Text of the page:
Then I noticed this. Well, Maybe I can polish the rust off with emory cloth. maybe the hardened surface of the ring gear teeth aren't pitted. Then, I wiped the oil off the side of the ring gear and saw that these are 4:10 gears. Nooooo. With the tire size I will be running and the type of driving, I wanted them to be 3:54s. For a couple of years now I have thought they were 3:54s. I do not kno where I got that thought, But I was stunned this morning. What makes it even worse, I recently bought a set of dana 60 4:10s for the front of my ramcharger and had M&H machine install them for me. They took out 3:54s. I could have just swapped axles. now I will not only need to have them drop some 3:54s in my rear axle, I will need to have them put my old dana 60 ring and pinion into this truck's front end. Good grief. Anyway, I have a spare dana 70 rear axle that has the proper gears. I will just have M&H put the Power Lok in that one.
I took this pick so I would have a guide for putting the brakes back together.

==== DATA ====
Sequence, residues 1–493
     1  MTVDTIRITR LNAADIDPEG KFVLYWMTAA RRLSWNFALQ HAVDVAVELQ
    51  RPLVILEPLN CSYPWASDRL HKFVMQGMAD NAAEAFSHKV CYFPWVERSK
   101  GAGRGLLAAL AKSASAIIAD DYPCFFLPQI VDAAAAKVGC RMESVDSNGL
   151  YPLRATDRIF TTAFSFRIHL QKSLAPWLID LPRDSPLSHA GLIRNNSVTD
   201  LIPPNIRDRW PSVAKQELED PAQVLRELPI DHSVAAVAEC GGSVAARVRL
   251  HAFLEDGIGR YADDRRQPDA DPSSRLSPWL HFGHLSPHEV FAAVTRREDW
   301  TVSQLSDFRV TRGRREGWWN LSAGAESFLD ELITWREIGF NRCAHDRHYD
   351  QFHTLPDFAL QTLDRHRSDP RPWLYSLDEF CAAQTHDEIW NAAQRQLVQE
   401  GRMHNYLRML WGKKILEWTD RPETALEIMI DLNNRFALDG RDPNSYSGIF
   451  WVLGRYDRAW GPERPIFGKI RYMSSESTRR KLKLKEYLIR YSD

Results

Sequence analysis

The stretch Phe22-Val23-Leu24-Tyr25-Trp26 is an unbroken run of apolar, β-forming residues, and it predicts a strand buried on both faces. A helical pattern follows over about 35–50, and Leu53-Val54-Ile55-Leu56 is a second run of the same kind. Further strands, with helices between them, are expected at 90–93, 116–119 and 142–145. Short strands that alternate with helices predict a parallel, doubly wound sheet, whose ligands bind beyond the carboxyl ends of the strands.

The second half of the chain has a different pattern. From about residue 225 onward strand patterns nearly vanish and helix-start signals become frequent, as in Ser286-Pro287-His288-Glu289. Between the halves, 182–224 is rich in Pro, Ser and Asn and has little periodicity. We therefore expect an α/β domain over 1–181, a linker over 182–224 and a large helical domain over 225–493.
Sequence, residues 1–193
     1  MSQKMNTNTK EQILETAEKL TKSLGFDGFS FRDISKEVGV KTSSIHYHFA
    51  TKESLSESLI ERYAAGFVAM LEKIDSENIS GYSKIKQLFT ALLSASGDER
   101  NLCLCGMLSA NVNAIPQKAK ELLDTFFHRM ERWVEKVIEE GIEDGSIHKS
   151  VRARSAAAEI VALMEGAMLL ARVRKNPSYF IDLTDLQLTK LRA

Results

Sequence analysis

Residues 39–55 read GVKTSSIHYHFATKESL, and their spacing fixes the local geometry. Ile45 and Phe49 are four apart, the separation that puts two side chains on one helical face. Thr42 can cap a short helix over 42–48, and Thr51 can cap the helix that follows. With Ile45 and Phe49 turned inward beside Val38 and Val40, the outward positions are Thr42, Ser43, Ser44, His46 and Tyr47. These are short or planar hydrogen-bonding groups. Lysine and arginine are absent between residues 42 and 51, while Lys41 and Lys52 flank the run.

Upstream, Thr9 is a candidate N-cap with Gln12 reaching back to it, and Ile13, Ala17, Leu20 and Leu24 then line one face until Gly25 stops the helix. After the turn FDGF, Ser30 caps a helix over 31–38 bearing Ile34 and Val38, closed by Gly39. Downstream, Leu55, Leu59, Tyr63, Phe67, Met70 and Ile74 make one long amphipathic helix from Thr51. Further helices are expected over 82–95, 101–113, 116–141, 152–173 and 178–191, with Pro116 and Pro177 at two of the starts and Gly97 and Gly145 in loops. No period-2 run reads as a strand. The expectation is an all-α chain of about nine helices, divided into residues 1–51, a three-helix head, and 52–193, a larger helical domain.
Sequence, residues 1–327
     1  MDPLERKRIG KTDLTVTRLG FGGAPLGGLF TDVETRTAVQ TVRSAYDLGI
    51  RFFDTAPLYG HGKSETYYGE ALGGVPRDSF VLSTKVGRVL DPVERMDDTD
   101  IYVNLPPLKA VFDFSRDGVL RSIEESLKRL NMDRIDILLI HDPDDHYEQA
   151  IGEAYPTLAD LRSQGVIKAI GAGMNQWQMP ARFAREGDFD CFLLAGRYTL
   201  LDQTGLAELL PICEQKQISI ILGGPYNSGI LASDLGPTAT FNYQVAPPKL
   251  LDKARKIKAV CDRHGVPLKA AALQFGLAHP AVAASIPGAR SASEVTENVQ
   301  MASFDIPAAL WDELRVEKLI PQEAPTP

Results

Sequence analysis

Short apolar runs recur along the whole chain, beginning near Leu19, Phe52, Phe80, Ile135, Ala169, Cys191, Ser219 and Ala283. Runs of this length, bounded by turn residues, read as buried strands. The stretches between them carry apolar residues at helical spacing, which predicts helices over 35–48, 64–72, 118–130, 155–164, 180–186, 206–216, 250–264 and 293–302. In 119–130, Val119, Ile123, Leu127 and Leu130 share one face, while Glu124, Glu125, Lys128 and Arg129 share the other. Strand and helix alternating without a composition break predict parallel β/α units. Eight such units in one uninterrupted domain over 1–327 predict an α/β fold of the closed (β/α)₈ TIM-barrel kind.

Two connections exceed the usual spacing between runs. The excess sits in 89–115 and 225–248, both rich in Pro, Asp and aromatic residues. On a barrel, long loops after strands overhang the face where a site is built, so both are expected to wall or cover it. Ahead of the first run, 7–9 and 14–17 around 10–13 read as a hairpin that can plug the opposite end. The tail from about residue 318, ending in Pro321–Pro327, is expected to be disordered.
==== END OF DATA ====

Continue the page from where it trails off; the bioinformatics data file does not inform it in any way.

I wonder if the same guy who silly-coned the king pin dust cap also put this hose clamp on the parking brake cable/lever.

Cab Work - shifter holes and sound deadening.

One of my goals for this truck is to make it at least as quiet as my second generation cummins dodges were. My first step in accomplishing this task is spraying sound deadener on the outside of the floor. I thought this would be easier if I stood the cab on end.
As I,ve said before, this cab pretty is rust free. You can see the factory 4-speed hole in the tunnel as well as the round hole I put in for the NV4500 shifter. The round hole was barely big enough so In the process of patching the other hole I enlarged the new one to factory size.
Here you can see the rough opening of the new hole and the patch on the old. You can also see two smaller holes. These are the end radii for the transfer case shifter.
This shot is from the inside. The black on the floor is POR 15. I put it on all the surfaces that showed a hint of surface rust.
Back on the bottom side, I went over the floor with a cup brush in an angle grinder and followed that with a scotchbrite pad. Then, I used brushable seam sealer on all the seams and on my patch. You can also see the finished transfer case shifter hole.
Here is the ugly mess of sealer and patch.
Next, I started spraying the sound deadener with an undercoating gun. You can see the texture of the first pass.
The plan is to get about 1 mm thickness per pass and do two passes. The temp in the shop is below 50 and I have to put my halogen lights on it to get this water based stuff to dry.